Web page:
Fig 30/ Sound equipment under shelter.

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5


Types of Outdoor Theatres


Model #1

Open Stage with Open Amphitheatre

“Amphitheatron” (ἀμφιθέατρον) is the ancient Greek word describing a semi-circular place for viewing performances. Today the amphitheatre is still the most familiar type of outdoor theatre structure. The Greek theatres were sited on a hillside, with stone risers or stairs built into the hill for access and seating. The slope of seating area provided good sightlines to the ground level stage area below, and the bowl shape of the amphitheatre enhanced the acoustic properties of the performance. A façade was located at the rear of the stage area to assist in reflecting sound, provide a crossover for the actors, and hide the stage equipment and actor dressing areas. Performances took place during daylight hours. The amphitheatre continued to evolve in ancient Rome with several architectural additions:

simple or complex, depending on the needs of the theatre. Many modern amphitheatres, like their ancient counterparts, are often sited on a natural slope, while others construct the seating area with the necessary angle for sightlines. An open amphitheatre is a term applied to an amphitheatre without a roof structure. The cost of building an open amphitheatre is almost always less than any other type of permanent outdoor theatre simply because there is less to build and maintain. Without protection from the elements, however, events in an open amphitheatre are much more prone to cancellation because of weather, and the seasonal window in which events can be produced or presented tends to be smaller.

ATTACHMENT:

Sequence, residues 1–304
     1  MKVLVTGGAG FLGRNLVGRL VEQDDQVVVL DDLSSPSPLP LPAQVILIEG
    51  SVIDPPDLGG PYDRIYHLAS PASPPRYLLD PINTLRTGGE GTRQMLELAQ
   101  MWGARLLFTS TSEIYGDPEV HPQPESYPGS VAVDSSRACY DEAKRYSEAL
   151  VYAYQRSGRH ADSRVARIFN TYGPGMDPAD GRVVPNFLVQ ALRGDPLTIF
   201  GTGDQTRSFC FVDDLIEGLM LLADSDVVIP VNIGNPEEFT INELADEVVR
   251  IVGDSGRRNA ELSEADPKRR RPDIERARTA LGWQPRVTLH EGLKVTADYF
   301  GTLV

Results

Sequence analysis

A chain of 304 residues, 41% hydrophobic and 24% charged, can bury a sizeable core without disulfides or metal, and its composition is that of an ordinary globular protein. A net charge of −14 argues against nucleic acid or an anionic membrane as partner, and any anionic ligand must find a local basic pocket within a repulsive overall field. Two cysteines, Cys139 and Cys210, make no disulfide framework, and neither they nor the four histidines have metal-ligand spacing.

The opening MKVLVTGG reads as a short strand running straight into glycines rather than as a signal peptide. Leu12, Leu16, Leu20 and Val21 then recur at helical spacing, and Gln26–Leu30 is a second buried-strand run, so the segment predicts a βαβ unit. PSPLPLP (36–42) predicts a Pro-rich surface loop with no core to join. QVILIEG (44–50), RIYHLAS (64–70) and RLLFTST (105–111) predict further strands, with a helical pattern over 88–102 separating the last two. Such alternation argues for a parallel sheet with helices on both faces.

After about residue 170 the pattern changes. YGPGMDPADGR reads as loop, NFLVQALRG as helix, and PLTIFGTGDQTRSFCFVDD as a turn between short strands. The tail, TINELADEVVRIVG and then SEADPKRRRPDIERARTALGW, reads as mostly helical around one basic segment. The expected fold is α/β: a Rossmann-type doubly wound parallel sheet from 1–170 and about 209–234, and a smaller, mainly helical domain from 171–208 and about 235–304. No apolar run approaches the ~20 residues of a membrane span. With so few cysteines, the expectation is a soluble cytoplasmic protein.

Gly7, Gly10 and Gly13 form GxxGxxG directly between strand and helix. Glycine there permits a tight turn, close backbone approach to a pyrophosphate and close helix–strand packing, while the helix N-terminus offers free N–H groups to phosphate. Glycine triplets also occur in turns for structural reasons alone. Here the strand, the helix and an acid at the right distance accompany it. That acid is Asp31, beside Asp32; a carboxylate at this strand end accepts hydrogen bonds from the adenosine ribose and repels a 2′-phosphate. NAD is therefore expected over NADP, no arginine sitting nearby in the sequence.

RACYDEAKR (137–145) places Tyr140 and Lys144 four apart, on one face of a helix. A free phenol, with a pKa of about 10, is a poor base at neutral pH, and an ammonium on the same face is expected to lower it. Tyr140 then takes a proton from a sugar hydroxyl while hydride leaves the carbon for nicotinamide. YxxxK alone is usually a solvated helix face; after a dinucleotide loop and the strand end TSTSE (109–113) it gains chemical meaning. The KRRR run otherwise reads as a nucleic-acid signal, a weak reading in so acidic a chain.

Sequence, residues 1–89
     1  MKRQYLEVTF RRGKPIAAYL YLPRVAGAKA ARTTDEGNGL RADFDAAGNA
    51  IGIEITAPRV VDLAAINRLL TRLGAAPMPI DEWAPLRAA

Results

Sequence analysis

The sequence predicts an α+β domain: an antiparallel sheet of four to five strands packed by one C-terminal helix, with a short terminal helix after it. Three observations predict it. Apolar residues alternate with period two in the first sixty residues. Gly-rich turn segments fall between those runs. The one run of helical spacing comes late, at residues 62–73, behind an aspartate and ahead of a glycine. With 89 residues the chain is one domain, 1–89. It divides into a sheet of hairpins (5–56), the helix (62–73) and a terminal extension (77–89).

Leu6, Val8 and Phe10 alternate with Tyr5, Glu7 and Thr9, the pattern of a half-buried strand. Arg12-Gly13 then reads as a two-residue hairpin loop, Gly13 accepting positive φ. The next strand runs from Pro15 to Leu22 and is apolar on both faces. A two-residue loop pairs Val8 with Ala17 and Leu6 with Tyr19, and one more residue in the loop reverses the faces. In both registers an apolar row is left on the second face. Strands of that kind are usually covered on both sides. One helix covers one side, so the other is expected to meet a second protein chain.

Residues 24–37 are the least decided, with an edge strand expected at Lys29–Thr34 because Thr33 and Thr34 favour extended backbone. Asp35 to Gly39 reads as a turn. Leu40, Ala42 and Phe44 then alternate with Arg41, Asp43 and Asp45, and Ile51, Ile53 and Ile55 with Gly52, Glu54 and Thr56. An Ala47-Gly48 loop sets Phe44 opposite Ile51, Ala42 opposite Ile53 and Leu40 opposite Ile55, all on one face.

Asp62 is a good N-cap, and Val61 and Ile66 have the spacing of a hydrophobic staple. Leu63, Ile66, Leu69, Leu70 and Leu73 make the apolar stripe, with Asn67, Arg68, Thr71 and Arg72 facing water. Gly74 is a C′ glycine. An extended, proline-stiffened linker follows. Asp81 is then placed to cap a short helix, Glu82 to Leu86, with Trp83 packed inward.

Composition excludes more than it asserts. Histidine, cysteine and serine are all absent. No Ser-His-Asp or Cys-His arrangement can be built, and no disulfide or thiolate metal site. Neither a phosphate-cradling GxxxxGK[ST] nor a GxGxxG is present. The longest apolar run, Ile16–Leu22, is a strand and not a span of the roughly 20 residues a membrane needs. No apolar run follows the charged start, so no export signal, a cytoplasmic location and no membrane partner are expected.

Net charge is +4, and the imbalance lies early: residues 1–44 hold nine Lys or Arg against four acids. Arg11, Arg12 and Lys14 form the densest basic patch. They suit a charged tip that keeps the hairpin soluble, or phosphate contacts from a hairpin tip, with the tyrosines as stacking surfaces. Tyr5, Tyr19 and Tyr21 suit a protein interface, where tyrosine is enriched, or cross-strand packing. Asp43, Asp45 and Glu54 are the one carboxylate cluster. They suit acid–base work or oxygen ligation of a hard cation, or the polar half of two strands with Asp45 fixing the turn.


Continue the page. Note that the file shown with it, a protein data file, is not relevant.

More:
• A raised stage replaced the ground level performance area

• The façade at the rear of the stage became more